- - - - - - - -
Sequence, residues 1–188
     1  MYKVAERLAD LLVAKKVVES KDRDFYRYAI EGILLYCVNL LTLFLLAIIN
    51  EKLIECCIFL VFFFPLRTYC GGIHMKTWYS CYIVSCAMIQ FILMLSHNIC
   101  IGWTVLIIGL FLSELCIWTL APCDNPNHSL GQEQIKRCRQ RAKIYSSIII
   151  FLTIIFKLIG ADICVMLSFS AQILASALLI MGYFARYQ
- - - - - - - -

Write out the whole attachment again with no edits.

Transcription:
Sequence, residues 1–188
     1  MYKVAERLAD LLVAKKVVES KDRDFYRYAI EGILLYCVNL LTLFLLAIIN
    51  EKLIECCIFL VFFFPLRTYC GGIHMKTWYS CYIVSCAMIQ FILMLSHNIC
   101  IGWTVLIIGL FLSELCIWTL APCDNPNHSL GQEQIKRCRQ RAKIYSSIII
   151  FLTIIFKLIG ADICVMLSFS AQILASALLI MGYFARYQ